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Prodi unveils his squeaky clean team

Spot the difference: five years in the life of the European Commission ...
HE LIKES to think of it as Europe's new government and, in a lush garden outside a luxury chateau hotel near Antwerp, Romano Prodi's team of 19 designated European commissioners passed the first test yes- terday. They stayed utterly and unreservedly on message.

A fountain playing in the background, Mr Prodi led his team out on to the sunlit lawn at 12.30pm to proclaim a fresh start for Europe. This being the EU, it was not just a question of a few words, there was the inevitable 60-sheet folder of documentation to back it up.

Launching a new code of conduct, Mr Prodi outlined the rules under which his new, squeaky-clean team plans to erase the sleazy image of the European Commission which resigned in disgrace in March. There will be no trips on Concorde or "air taxis" without prior permission of the Commission's president, and there will have to be a good reason to hire a suite when staying in a hotel.

Stern rules will prevent conflicts of interest, and commissioners face a year-long "cooling- off" period after leaving office, during which any private sector job offer will be scrutinised. And spouses' professional activities will have to be declared. More radically, the 19 commissioners will have to sit through their weekly meetings until they end, and will need permission to be absent.

Much of the code is designed to render impossible a repeat of the latest public relations fiasco - the defection of Martin Bangemann, the commissioner in charge of telecommunications policy, to the board of a Spanish telecoms giant on a reported salary of pounds 700,000. But Mr Prodi knows the importance of a new beginning, and promised that `teamwork, transparency, efficiency and accountability" are "the spirit of Aartselaar". Each commissioner, he added, should be a "big star in his or her policy area".

The business of agreeing most of the draft code of conduct was undeniably important, but inside the four-star Kasteel Solhof hotel, the new team spent more time indulging in what one official described as a "bonding, tree-hugging session". Former rivals and enemies chatted amiably for the cameras: if you closed your eyes, it was sometimes difficult to tell whether you were listening to Neil Kinnock, the incoming vice-president in charge of internal reform, or Chris Patten, the Commission's new external relations supremo.

These two had harsh things to say about each other in the British general election of 1992, when Mr Kinnock was Labour leader and Mr Patten Conservative Party chairman. At one point Mr Patten said Mr Kinnock did not "give a hang for the truth" and had disqualified himself "from the trust and the respect which those who try for the highest office in the country seek to earn"; Mr Kinnock said the integrity of Mr Patten's campaign was "nil".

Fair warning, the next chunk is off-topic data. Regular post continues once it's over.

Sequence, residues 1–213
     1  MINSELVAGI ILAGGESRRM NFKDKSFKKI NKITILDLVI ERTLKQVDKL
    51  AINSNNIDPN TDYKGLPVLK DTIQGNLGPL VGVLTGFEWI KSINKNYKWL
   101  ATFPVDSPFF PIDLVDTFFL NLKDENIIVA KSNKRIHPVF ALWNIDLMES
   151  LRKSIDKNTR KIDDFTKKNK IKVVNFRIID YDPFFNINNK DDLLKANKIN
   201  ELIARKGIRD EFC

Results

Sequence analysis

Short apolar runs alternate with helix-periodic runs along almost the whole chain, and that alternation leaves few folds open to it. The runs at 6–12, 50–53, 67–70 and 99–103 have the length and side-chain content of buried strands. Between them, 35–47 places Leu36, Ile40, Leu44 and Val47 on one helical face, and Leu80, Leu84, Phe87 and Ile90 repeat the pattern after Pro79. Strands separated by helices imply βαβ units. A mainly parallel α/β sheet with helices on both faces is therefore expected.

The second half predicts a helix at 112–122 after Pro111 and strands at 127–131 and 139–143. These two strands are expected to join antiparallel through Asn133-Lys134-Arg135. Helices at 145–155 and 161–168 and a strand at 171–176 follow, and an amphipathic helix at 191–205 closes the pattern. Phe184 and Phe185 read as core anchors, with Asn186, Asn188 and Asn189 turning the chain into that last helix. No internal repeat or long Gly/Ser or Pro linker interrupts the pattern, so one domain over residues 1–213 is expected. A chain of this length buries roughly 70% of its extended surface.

Yesterday Mr Patten revealed that Mr Kinnock had sent him a "charming letter" congratulating him on his appointment, and that the two men had lunch together. As for 1992, he added, it was "a long time ago for both of us and set us out on political paths which have brought us... to the same place at the same time."

Mr Kinnock said that given the situation it would have been "daft" if harsh words had not been spoken, but it was now clear that they would "work together as good colleagues over the next five years".

And they agree too on the need for reform, Mr Kinnock arguing that "there is widespread support for, and understanding of, the fact that a 42-year- old institution needs change".

Others were on their best behaviour too, including Gunter Verheugen, Germany's prospective commissioner for enlargement, who only last month attacked Mr Prodi in public over the way he was picking his team. Pascal Lamy, the balding former aide to Jacques Delors, and France's incoming trade commissioner, chatted amicably to Mr Patten, despite speculation that their policy portfolios could bring them into conflict.

And Frits Bolkenstein, the Dutchman destined to control the internal market, belied his reputation as a maverick. Mr Bolkenstein was the person Mr Prodi came closest to vetoing before the Dutchman gave a commitment to be a team player. Asked whether he would now curb his outspoken, quasi- sceptical statements about the EU, Mr Bolkenstein responded in an uncharacteristically diplomatic way. "Excuse me," he said. "It's warm and I'm thirsty.'

Cocktails were being served on the balcony, and a slap-up lunch of sole, salmon and lamb, followed by fruit sorbet, was waiting. Even under a new reforming Commission president, some things are unlikely to change.